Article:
It was originally published in George Simmers’ online poetry journal, Snakeskin–a highly eclectic journal–and it made for what one reader called a “good nautical rhythm”, and another comment was “finely composed wordy-whirlwind of images”. Both those strengths of the poem come from the use of form: the nautical rhythm from the choice of metre, the whirlwind of images from the requirement to compress everything into the rhyme scheme.
It isn’t a deep, meaningful poem; but form can be used purely for enjoyment.
You may not be able to decide to write a poem, but there are a variety of things that you can do to increase the chance of being in a poem-writing state of mind.
The first, of course, is to read poetry. We are all influenced by what we are seeing and hearing. Our voices and accents shift towards those we’re talking with, the tunes we hum or whistle are influenced by what we’ve been listening to, and how we write is influenced by what we’ve been reading. Read poetry, especially rhymed and metered, and you’ll be more likely to find your unstructured thoughts expressing themselves in verse.
And that word “unstructured” is also one of the keys. Poetry can come from a chance phrase in your head, from a random rhyme opportunity that you run across that intrigues you for whatever reason, or from an unexpected image or similarity that carries an idea or a metaphor into your thoughts.
So the second thing you can do is, whenever some tiny fragment like this occurs to you, write it down! It is a gift to your conscious poetry-writing mind from your unconscious poetry-dreaming mind.
If it happens in a restaurant, write it down on anything you can take out. If it happens just when you’re going to sleep, sit up, get up, write it down. If it is only a phrase or an idea, write it down. If anything else occurs to you while writing, write it down too. If what you have seems structured, but some other unstructured thoughts are hovering around, write them down too. It doesn’t have to be perfect. You can always come back to it later. But if you don’t grab it when it appears, you are unlikely ever to find it again, or even to remember that there was ever anything there.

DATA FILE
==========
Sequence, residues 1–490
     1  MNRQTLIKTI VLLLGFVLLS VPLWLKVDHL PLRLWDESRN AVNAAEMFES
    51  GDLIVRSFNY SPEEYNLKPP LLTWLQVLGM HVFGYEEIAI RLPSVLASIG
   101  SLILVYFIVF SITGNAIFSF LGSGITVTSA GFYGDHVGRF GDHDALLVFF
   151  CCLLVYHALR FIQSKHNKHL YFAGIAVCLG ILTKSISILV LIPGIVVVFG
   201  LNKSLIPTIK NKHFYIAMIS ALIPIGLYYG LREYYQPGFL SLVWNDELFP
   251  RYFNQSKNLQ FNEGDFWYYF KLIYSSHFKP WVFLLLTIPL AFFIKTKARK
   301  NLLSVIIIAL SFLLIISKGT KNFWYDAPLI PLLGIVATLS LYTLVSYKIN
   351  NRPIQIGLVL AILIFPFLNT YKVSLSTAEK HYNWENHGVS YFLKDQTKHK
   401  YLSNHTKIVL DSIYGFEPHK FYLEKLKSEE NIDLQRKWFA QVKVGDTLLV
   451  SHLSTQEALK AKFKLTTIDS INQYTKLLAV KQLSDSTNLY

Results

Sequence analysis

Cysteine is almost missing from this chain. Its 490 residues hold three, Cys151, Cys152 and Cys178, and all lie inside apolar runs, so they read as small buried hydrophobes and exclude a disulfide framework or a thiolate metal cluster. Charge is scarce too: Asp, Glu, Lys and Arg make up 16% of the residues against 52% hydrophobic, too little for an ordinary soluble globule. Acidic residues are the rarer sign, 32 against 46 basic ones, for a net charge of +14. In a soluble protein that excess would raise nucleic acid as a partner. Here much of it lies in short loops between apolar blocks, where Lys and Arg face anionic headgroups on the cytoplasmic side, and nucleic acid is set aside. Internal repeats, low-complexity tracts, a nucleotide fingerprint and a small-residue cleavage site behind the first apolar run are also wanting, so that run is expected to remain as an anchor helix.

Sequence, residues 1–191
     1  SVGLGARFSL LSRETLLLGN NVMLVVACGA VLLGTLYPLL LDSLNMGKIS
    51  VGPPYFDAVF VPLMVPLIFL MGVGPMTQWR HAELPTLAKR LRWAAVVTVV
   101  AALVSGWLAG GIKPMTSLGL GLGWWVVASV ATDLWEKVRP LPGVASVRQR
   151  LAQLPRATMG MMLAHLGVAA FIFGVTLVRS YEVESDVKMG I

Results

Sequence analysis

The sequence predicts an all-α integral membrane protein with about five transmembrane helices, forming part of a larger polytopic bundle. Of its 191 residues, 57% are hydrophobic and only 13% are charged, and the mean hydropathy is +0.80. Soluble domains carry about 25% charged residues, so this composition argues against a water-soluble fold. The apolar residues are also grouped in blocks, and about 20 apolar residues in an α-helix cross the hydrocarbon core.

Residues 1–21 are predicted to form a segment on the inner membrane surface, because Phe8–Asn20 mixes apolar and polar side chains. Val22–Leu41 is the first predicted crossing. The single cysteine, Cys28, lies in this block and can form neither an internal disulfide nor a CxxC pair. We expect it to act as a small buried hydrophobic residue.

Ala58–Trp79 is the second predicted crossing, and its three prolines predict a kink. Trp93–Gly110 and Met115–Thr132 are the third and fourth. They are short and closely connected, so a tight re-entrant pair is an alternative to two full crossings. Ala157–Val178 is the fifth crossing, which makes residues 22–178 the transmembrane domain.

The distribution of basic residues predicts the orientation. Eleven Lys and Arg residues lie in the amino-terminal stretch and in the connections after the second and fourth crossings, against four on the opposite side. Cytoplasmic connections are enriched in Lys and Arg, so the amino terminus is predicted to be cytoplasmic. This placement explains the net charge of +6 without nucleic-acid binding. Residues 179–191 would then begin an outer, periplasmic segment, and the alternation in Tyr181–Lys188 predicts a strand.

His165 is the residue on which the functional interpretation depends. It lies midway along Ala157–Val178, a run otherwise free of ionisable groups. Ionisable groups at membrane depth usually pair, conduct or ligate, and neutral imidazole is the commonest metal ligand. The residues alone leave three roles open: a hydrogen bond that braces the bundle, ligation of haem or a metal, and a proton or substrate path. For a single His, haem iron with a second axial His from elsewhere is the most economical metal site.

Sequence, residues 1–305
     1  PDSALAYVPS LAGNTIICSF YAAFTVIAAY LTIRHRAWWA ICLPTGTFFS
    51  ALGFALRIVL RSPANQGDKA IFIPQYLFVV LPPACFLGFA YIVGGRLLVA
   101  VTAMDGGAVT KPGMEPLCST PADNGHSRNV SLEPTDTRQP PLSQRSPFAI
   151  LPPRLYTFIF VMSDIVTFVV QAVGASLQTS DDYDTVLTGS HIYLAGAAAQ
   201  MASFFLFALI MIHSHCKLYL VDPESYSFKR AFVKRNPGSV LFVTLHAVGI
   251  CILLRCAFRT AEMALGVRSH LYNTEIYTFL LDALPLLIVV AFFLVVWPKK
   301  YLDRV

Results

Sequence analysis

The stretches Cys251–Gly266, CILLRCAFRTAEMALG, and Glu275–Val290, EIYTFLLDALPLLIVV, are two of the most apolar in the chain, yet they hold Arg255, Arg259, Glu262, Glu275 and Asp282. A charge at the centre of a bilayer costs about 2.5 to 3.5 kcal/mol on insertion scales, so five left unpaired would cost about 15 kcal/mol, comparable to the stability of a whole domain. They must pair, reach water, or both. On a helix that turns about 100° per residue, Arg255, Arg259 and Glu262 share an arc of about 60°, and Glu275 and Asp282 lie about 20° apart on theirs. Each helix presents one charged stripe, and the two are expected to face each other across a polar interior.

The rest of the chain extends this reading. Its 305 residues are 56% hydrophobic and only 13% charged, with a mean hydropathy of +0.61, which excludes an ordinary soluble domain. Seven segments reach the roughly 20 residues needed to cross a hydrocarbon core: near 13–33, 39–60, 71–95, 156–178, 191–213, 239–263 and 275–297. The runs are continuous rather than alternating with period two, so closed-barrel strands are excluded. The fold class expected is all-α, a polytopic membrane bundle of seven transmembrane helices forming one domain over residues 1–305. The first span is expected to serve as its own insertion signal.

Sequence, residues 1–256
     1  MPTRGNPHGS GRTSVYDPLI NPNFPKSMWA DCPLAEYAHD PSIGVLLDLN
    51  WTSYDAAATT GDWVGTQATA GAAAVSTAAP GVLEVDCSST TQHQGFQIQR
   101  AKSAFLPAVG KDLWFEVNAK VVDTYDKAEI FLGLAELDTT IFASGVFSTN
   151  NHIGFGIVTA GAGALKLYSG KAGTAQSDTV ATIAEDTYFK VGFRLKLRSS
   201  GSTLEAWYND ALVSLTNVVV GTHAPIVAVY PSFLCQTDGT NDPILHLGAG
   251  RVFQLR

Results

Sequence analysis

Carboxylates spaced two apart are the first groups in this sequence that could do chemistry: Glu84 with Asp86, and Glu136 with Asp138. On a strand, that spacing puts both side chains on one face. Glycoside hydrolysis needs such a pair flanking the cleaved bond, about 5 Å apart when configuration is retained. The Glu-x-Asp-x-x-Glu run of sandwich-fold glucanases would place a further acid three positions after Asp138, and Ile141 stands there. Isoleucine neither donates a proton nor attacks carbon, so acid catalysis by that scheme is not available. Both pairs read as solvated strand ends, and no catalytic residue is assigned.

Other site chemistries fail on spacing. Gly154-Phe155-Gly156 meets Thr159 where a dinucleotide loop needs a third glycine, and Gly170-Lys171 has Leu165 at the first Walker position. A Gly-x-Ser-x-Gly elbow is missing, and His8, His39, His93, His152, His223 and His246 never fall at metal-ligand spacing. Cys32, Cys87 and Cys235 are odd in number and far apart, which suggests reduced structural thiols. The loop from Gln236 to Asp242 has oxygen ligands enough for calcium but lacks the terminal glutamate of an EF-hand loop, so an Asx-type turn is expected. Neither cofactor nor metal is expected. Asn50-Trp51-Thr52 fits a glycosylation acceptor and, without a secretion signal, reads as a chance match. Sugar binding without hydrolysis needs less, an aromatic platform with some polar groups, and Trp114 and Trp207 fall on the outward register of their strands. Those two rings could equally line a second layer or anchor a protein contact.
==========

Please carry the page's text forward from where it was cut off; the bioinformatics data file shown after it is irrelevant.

The third is to worship the Muse. Really? No, not really, but there’s no other simple way to describe it. There are forces in your subconscious of which you are unaware. They speak to you in dreams when something is really important. You have probably experienced the difference between what can be called “big dreams” and “little dreams”–messages from the unconscious mind, vs tidy-up-and-defrag dreams.
Somewhere inside your mind a creative engine is at work. You can ignore it, and then not only will you never write poetry, but you are likely to screw up your life. Or you can listen to it, let it sing to you, let it give you little gifts of wordplay or insight, and it will help you stay grounded in what is important. So writing down everything interesting that occurs to you out of the blue is a way of honouring that creative engine, that we can call your Muse. Be grateful to it. Accept that your unconscious may know things about you that you have no clue about, everything from how to keep your heart beating, to how to remember the name of someone from 20 years ago, to how to count time and wake you up at a certain time without an alarm clock. Poetry is the tiniest tip of the iceberg of all the unconscious mind can do. Honour it! And it will reward you.
You can find a guide to “Calling the Poem”–how to identify the poetic mood, how to encourage it, how to deal with it–in a chapbook of mine published by Snakeskin, and downloadable for free at http://www.snakeskinpoetry.co.uk/snake236.html
How to write the poem, when you’re in the right mood… More thoughts on that in the next post.